#### Transcript Artificial Intelligence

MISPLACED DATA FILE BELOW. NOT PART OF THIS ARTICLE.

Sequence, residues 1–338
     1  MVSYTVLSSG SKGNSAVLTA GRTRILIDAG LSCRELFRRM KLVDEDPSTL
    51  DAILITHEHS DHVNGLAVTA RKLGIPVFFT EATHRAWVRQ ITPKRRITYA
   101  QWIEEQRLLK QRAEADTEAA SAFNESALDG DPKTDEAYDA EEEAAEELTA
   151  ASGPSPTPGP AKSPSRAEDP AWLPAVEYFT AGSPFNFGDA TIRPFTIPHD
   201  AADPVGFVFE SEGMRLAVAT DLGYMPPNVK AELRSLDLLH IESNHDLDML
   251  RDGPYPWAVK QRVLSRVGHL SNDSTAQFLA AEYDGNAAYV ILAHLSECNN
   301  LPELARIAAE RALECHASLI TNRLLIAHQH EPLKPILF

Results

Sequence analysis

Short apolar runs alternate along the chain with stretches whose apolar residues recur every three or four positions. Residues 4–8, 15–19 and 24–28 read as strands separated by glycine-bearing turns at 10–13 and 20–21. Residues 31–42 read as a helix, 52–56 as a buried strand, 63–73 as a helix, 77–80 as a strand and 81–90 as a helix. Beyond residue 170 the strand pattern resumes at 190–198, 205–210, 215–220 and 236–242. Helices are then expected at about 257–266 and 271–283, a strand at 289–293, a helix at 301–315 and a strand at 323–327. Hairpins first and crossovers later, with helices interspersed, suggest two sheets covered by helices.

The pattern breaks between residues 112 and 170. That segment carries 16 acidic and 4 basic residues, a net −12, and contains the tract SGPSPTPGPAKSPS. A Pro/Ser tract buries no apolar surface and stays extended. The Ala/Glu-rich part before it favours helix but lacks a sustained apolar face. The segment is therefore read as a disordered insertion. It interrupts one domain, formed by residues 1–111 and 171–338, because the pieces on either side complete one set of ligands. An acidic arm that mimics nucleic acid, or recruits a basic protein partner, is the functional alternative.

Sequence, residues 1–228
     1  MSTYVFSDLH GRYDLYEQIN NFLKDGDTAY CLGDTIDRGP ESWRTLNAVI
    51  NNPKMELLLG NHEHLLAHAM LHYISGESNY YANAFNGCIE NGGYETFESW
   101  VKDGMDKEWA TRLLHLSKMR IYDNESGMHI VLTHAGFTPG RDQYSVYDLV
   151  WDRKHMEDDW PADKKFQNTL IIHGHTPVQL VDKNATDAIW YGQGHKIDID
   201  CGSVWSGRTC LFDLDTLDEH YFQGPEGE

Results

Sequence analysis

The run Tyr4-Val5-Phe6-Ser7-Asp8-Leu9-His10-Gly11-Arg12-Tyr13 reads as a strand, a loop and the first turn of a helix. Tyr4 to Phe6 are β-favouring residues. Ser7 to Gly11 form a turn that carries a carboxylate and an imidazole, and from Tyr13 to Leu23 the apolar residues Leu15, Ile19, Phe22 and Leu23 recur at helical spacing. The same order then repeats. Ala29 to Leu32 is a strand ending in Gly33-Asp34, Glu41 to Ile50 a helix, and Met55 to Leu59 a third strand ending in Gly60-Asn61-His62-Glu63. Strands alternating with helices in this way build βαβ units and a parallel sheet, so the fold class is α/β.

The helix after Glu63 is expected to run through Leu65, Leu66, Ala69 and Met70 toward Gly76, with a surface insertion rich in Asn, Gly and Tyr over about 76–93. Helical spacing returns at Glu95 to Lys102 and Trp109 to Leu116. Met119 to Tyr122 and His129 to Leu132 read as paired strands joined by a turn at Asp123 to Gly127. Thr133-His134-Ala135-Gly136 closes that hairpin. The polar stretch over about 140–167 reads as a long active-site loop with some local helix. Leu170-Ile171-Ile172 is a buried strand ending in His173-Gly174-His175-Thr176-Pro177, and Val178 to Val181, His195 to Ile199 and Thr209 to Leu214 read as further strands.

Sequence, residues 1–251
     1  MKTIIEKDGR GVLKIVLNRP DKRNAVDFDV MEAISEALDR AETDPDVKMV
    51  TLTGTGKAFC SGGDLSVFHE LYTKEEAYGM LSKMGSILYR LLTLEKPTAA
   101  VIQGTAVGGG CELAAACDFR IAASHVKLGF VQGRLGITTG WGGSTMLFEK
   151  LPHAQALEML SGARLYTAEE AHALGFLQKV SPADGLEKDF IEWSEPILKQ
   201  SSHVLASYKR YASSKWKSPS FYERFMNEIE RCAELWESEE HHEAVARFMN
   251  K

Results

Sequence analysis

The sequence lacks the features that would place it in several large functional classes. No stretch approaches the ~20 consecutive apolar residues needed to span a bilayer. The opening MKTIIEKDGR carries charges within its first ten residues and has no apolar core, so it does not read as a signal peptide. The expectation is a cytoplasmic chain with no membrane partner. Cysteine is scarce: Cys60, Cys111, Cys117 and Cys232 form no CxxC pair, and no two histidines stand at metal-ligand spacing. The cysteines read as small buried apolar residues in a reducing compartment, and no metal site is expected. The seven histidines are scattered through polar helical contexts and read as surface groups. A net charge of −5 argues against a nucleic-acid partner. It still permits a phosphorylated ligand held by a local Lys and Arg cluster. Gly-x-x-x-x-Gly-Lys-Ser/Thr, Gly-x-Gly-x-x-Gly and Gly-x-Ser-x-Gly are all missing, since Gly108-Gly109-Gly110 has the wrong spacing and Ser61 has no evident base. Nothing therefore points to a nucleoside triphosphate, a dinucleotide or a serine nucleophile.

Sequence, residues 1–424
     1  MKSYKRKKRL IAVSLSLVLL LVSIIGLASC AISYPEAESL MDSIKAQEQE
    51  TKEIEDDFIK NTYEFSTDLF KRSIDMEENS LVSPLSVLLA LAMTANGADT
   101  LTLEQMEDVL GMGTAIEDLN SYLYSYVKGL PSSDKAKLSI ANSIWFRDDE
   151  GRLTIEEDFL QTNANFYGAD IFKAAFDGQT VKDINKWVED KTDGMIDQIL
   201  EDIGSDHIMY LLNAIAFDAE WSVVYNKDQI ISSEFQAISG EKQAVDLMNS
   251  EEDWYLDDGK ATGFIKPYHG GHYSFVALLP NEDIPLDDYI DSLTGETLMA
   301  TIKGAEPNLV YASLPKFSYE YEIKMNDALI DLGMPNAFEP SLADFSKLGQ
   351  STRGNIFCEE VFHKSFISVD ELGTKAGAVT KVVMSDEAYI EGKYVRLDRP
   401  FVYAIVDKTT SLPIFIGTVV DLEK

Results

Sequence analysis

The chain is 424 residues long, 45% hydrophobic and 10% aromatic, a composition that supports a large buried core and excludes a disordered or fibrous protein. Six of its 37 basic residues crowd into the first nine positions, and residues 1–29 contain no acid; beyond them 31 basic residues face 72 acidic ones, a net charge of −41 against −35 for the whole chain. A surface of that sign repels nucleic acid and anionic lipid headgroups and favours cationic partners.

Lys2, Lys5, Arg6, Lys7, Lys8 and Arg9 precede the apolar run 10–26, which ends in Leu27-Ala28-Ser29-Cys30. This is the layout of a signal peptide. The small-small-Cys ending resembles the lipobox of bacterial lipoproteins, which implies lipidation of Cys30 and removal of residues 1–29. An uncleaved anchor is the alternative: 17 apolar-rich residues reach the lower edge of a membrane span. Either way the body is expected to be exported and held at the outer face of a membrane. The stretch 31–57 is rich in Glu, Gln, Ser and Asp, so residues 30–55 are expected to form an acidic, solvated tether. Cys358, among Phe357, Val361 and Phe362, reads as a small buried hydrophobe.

159.302 Dr. Napoleon H. Reyes, Ph.D. Computer Science Institute of Information and Mathematical Sciences Artificial Intelligence Rm. 2.56 QA, IIMS, Albany Campus or IIMS Lab 7 email: [email protected] Tel. No.: 64 9 4140800 x 9512 / 41572 Fax No.: 64 9 441 8181 Lectures: Monday Thursday Friday 12pm – 1pm AT8 12pm – 1pm AT8 12pm – 1pm AT5 Office hours: after lectures (QA2.56 or IIMS Lab 7) http://www.massey.ac.nz/~nhreyes/Massey/159302.html Pre-requisites Course Overview Learning Outcomes Topics Discussion Texts and Coursefor Material Assessment Course Schedule AI Demonstrations Note: If a student cannot attend lectures/tutorials it is the student’s responsibility to find out what was discussed in lectures / tutorials (possible changes to assignments, questions & answers). Student Responsibility * To take this course you must have passed 159.201 since C or C++ knowledge is required to complete the assignments Pre-requisites Teaching Approach Discussion of the Theoretical Framework Step-by-Step Algorithm Details Course Overview Application to real-world problems Simulations (A Graphics Engine will be provided to make learning AI more fun) On successful completion of the course, the students should be able to: Understand the concepts and theories behind AI technologies Learning Outcomes Learn how to apply AI techniques to different problems Implement selected AI algorithms Main text book Russell S. and Norvig P., Artificial Intelligence A Modern Approach, 3rd Ed, Prentice Hall 2009 ISBN-13: 9780136042594 Texts and Course Material Other References MIT OpenCourseWare Neural Network and Fuzzy Logic Applications in C/C++ by Stephen T. Welstead Artificial Intelligence: Structures and Strategies for Complex Problem Solving by George F Luger 2 assignments: 40% Final Exam (3 hours): 60% Assessment To pass, students have to obtain a cumulative assessment score greater than or equal to 50%. Deadline: Deadlines for assignments will be given when assignments are distributed. You will be given 4 weeks to complete each assignment Penalty: Late submissions (up to 1 week) will be penalised by 10%. Program solutions that do not compile or do not run in our laboratories get 0 marks. Late assignments will be penalized Assessment Assignments may be completed in groups all members of the group should be named in the source file of each assignment, including the contribution of each member. All submitted assignments will have to be accompanied by a short documentation as well. There can be at most 3 members in a group. Each group member will receive the same grade. Students in a team have the authority (in consultation with the lecturer) to "expel" any member that does not meet obligations . Assessment The collaboration is limited only to members within each group. It is a student responsibility to check their assignment marks and notify in writing any errors they might find no later than 10 days after the day the marks were made available. Mailing List • I’ll be collecting emails for making announcements to the class from time to time • Please send me an email with the following Subject heading: 159302 • In your email, please write your name, ID number, degree you’re pursuing and your technical background (e.g. C++ programming) Week 1. • Introduction, Intelligent Agents. • Tutorial: Simulation Essentials for the assignments Week 2. Introduction to Search • Background and Motivation • Examples of Graphs • Problem Solving Paradigm • Graph Search as Tree Search • Terminologies • Classes of Search Course Schedule Week 3. Search Strategies • Issues of Implementing the Search Strategies • Cost and Performance • Any-Path Search (Uninformed and Informed, Using the Visited List) • Depth-First Algorithm • Breadth-First Algorithm • Best-First Search Algorithm Week 4. Any-Path Search Examples • Depth-First Algorithm • Breadth-First Algorithm • Best-First Search Algorithm • Tutorial: Problem Solving: Any-Path Search Algorithms Week 5. Optimal Search: Part 1 • Optimal Uninformed Search • Uniform Cost Search • Why not a Visited List? • Implementing Optimal Search Strategies • Optimal Informed Search • The A* Algorithm, Heuristics, Using the Strict Expanded List) • Tutorial: Problem Solving: Optimal Search Algorithms Course Schedule Week 6. Optimal Search: Part 2 • The A* and Expanded List • Uniform Cost and Strict Expanded List • Consistency • Optimality and Worst Case Complexity • Tutorial: Problem Solving: Optimal Search Algorithms Week 7. Fuzzy Logic Fuzzification, Defuzzification, Fuzzy logic operators, Fuzzy Inference Systems, Fuzzy Control Systems Inverted Pendulum Problem, Robot Navigation, Colour Object Recognition Week 8. Machine Learning Neural Networks Pattern Recognition Course Schedule Week 9. Constraint Satisfaction Problems and Games: Part 1 Binary CSP Constraints Constraint Propagation (Arc Consistency) Constraint Propagation Example Backtracking and Constraint Propagation Backtracking with Forward Checking (BT-FC) Week 10. Constraint Satisfaction Problems and Games: Part 2 • BT-FC with Dynamic Ordering • Incremental Repair • Introduction to Games • Board Games and Search • Alpha-Beta Pruning • Practical Matters • Tutorial: Problem Solving: Minimax, Alpha Beta Pruning. Course Schedule *Week 11. Propositional Logic & First Order Logic • Syntax, Semantics, Proof System, Sentences • Semantic Rules • Satisfiability • Satisfiability Problems • Propositional Logic Proof • Natural Deduction, Proof Systems, Conjunctive Normal Form, Propositional Resolution • Natural Language Processing Week 11. Alternatively, Genetic Algorithms + Propositional Logic could be taught. Week 12. Review for Finals Demonstrations Search Algorithms (Tree Search + Heuristics) Sample application: 8-Puzzle Fuzzy Logic – based on how we humans think Sample applications: Robot Navigation, Inverted Pendulum Neural Network – based on the architecture of the brain Sample application: pattern recognition Genetic Algorithm – based on theory of evolution Sample application: optimisation Assignment #1 C:\Core\Massey Papers\159302\Assignments 2008\Assign #1 - 2008\8 Puzzle - beta v.3.0 Control System: Inverted Pendulum Problem Otherwise known as Broom-Balancing Problem The mathematical solution uses a secondorder differential equation that describes cart motion as a function of pole position and velocity: 2 2 m ( x l sin ) l cos m ( l cos ) l sin mgl sin 2 2 t t Input: x, v, theta, angular velocity Output: Force, direction Fuzzy Rules Fuzzy rule base and the corresponding FAMM for the velocity vectors of the inverted pendulum-balancing problem 1. 2. 3. 4. 5. 6. 7. 8. 9. and position IF cart is on the left AND cart is going left THEN largely push cart to the right IF cart is on the left AND cart is not moving THEN slightly push cart to the right IF cart is on the left AND cart is going right THEN don’t push cart IF cart is centered AND cart is going left THEN slightly push cart to the right IF cart is centered AND cart is not moving THEN don’t push cart IF cart is centered AND cart is going right THEN slightly push cart to the left IF cart is on the right AND cart is going left THEN don’t push cart IF cart is on the right AND cart is not moving THEN push cart to the left IF cart is on the right AND cart is going right THEN largely push cart to the left Fuzzy Control System Inverted Pendulum Problem If the cart is too near the end of the path, then regardless of the state of the broom angle push the cart towards the other end. If the broom angle is too big or changing too quickly, then regardless of the location of the cart on the cart path, push the cart towards the direction it is leaning to. X X’ Input: N ZE P N PL ZE ZE ZE ZE ZE ZE P ZE ZE NL x, v, theta, angular velocity ’ N ZE P N NL NM ZE ZE NM ZE PM P ZE PM PL Output: Force, direction Robot Navigation Obstacle Avoidance, Target Pursuit, Opponent Evasion Input: Multiple Obstacles: x, y, angle Target’s x, y, angle Output: Robot angle, speed Cascade of Fuzzy Systems Multiple Fuzzy Systems employ the various robot behaviours Path planning Layer: Path Layer The Planning A* Algorithm Next Waypoint Fuzzy Target SystemPursuit 1 Fuzzy System 1: Adjusted Angle Central Control Fuzzy System 2: Fuzzy System Speed Control for 2Target Pursuit Target Pursuit Adjusted Speed ObstacleDistance < MaxDistanceTolerance and closer than Target N Y Obstacle Avoidance Fuzzy System 3 Fuzzy System 3: Adjusted Angle Fuzzy System 4: Speed FuzzyControl Systemfor 4 Obstacle Avoidance Adjusted Speed Actuators Obstacle Avoidance Hybrid Fuzzy A* Input: Obstacles’ x, y, angle Target’s x, y, angle Output: Robot angle, speed C:\Core\Massey Papers\159302\Assignments 2008\Assign #2 - 2008\Robot Navigation - v.9.4 - FL-AStar Simulations 3-D Hybrid Fuzzy A* Navigation System Cascade of Fuzzy Systems Nature as Problem Solver • Beauty-of-nature argument • How Life Learned to Live (Tributsch, 1982, MIT Press) • Example: Nature as structural engineer Genetic Algorithm • Let’s see the demonstration for a GA that maximizes the function x f ( x) c n n =10 c = 230 -1 = 1,073,741,823 26 Simple GA Example • Function to evaluate: 10 x f ( x) coeff Fitness Function or Objective Function • coeff – chosen to normalize the x parameter when a bit string of length lchrom =30 is chosen. coeff 230 1 • Since the x value has been normalized, the max. value of the function will be: f ( x) 1.0 when x 230 1 for the case when lchrom=30 27 Test Problem Characteristics • With a string length=30, the search space is much larger, and random walk or enumeration should not be so profitable. • There are 230=1.07(1010) points. With over 1.07 billion points in the space, oneat-a-time methods are unlikely to do very much very quickly. Also, only 1.05 percent of the points have a value greater than 0.9. 28 Simple GA Implementation Initial population of chromosomes Offspring Population Calculate fitness value Evolutionary operations No Solution Found? Yes Stop 29 Identifying Colour Objects with Robot Soccer Set-up IIMS Lab 7 Overhead Camera Fluorescent lamps Colour objects www.Fira.net Exploratory environment is indoor – room totally obstructed from sunlight Multiple monochromatic light sources – fluorescent / fluoride lamps * Colour Object Recognition (Recognition speed: < 33ms) Machine Vision System HARDWARE OUTLINE 3D Scene Camera Frame Grabber 2D Digital Image Optics Firewire (Lens) camera Image Sensors CID (Charge Injection Device) CCD (Charge Coupled Device) PDA (Photo Diode Array) * Emmitted light 2-D Intensity Continuous Image charge signal Colour as the machine sees it Colour constancy is inherent in us humans, but not in cameras. Yellow object turns pale under strong white illumination Color is not captured by the camera as we humans see it. A Green object tends to appear more as a whitish yellow object under bright white illumination. Illumination Conditions Colour objects traversing the field under spatially varying illumination intensities Other Factors: Dark Lens focus Object rotation Quantum electrical effects Shadows Bright Dim Presence of similar colours * We need to automatically compensate for the effects of varying illumination intensities in the scene of traversal Recent Developments Experiments performed at IIMS Lab 7 To some extent, the algorithm can see in the dark Applying the colour contrast operations to compensate for the effects of glare, hue and saturation drifting also allows for colour correction Recent Developments Experiments performed at IIMS Lab 7 PINK colour patches can be amplified to revert back close to its original colour * Robots in action The Fuzzy Vision algorithm employed in the game… Robots in Massey (QA 2.42) Old system C:\Core\Research\Conferences\ICONIP08